From the moment the ship docked in Le Havre in the fall of 1948 and Julia watched the well-muscled stevedores unloading the cargo to the first perfectly soigne meal that she and her husband, Paul, savored in Rouen en route to Paris, where he was to work for the USIS, Julia had an awakening that changed her life. Soon this tall, outspoken gal from Pasadena, California, who didn't speak a word of French and knew nothing about the country, was steeped in the language, chatting with purveyors in the local markets, and enrolled in the Cordon Bleu.
After managing to get her degree despite the machinations of the disagreeable directrice of the school, Julia started teaching cooking classes herself, then teamed up with two fellow gourmettes, Simone Beck and Louisette Bertholle, to help them with a book they were trying to write on French cooking for Americans. Throwing herself heart and soul into making it a unique and thorough teaching book, only to suffer several rounds of painful rejection, is part of the behind-the-scenes drama that Julia reveals with her inimitable gusto and disarming honesty.
This memoir is laced with wonderful stories about the French character, particularly in the world of food, and the way of life that Julia embraced so wholeheartedly. Above all, she reveals the kind of spirit and determination, the sheer love of cooking, and the drive to share that with her fellow Americans that made her the extraordinary success she became.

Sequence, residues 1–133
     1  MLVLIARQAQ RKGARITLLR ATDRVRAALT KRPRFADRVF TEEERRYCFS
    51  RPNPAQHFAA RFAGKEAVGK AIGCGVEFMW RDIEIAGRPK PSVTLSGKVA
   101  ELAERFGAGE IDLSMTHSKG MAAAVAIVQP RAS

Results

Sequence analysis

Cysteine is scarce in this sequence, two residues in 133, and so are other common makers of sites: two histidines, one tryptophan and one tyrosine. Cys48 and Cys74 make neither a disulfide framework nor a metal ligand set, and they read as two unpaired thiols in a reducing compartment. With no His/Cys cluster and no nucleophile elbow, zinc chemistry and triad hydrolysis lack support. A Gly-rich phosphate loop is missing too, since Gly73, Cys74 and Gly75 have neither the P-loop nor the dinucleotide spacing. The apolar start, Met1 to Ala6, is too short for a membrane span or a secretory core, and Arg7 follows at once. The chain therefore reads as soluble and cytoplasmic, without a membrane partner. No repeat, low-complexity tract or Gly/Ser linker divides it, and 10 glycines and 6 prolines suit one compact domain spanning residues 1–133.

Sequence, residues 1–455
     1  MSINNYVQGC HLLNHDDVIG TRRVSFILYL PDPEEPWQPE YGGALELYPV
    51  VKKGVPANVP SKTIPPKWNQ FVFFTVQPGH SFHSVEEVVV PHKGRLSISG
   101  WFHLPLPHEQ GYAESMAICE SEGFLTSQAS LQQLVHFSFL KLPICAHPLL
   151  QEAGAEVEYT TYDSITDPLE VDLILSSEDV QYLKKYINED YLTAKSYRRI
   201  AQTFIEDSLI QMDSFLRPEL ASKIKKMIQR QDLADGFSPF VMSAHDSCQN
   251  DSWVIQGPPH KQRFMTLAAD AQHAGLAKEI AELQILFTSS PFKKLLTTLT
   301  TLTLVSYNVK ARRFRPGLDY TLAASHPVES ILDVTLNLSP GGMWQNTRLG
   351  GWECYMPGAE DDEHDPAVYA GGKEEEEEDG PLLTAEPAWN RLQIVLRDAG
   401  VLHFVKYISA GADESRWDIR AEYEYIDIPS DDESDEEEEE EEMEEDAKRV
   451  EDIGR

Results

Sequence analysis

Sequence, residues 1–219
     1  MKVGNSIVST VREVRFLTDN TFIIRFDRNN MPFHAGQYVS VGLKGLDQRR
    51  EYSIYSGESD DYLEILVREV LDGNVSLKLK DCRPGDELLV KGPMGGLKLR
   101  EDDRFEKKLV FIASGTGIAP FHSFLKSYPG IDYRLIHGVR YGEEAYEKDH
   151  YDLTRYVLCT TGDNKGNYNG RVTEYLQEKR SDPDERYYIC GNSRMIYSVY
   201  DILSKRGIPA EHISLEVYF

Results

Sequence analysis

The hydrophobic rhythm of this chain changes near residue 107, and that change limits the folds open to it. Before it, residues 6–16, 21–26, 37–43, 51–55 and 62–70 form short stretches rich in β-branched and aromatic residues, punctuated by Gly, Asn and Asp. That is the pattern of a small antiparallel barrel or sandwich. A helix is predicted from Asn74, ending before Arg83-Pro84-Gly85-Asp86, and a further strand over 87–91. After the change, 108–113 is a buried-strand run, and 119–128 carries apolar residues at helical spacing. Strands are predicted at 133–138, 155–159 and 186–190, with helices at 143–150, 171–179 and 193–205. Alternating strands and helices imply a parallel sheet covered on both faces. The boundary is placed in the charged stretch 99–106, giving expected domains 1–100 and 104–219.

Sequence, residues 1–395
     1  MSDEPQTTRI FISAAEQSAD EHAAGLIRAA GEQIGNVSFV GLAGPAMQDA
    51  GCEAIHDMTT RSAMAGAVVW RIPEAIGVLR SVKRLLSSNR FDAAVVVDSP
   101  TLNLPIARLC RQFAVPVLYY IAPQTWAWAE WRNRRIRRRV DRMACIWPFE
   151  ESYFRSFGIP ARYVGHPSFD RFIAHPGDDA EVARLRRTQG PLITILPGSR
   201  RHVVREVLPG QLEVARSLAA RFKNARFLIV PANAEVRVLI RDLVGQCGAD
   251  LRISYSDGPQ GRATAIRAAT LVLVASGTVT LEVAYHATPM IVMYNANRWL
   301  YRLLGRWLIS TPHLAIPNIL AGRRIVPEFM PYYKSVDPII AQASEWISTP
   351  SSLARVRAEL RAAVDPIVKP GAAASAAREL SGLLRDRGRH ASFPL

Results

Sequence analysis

Le voici. Et bon appetit!
©2006 Alex Prud'Homme; (P)2006 Books on Tape
"This is a valuable record of gorgeous meals in bygone Parisian restaurants, and the secret arts of a culinary genius." (Publishers Weekly)
I was really hoping the other reviewers were being hypercritical... alas, this is not the case, and I am truly flummoxed as to why a book by and about a woman who loved the French culture, language and experience so much was assigned such a narrator. To be fair, although the narrator wisely does not attempt to impersonate Julia's iconic trill, she brings a lot of warmth and personality to Julia's words (in English). She gives the French accent a good go, but hardly with a professional's required attention to detail in handling such beloved material. It is indeed jarring, detracting and disappointing to anyone with even a rudimentary experience of the French language.
A wonderful book, however, and aside from the most cringing mangling of the language of Moliere, enjoyed it tremendously. Any other reader would have earned this 5 stars.
I almost didn't buy this unabridged version of My LIfe in France because of all the negative comments in the reviews about the the narrator's horrible French pronunciation - said to be too distracting. Well that is just foolishness and perhaps down right snobbishness as well - Ms. Farr does a serviceable job with the French pronunciation and it's certainly not distracting. The book so far is an absolute delight and I highly recommend it. Ms. Greenberg who narrates the Abridged version sounds very good as well and may indeed do better with the French but I did not want to miss a word of Julia's fascinating and wonderful life story. Enjoy!
I listened to this book on a trip through Avignon and Paris and it was wonderful. What an addition to our travels by TGV south from Paris. The reader was a delight and more than up to the challenges of the french language and all the culinary terms. Julia's take on the world a breath of fresh air. I was sorry when the book came to and end. However, to compensate I have pulled out my dog-eared copies of "mastering the art" and jumped back into cooking a la Julia! Brava Audible!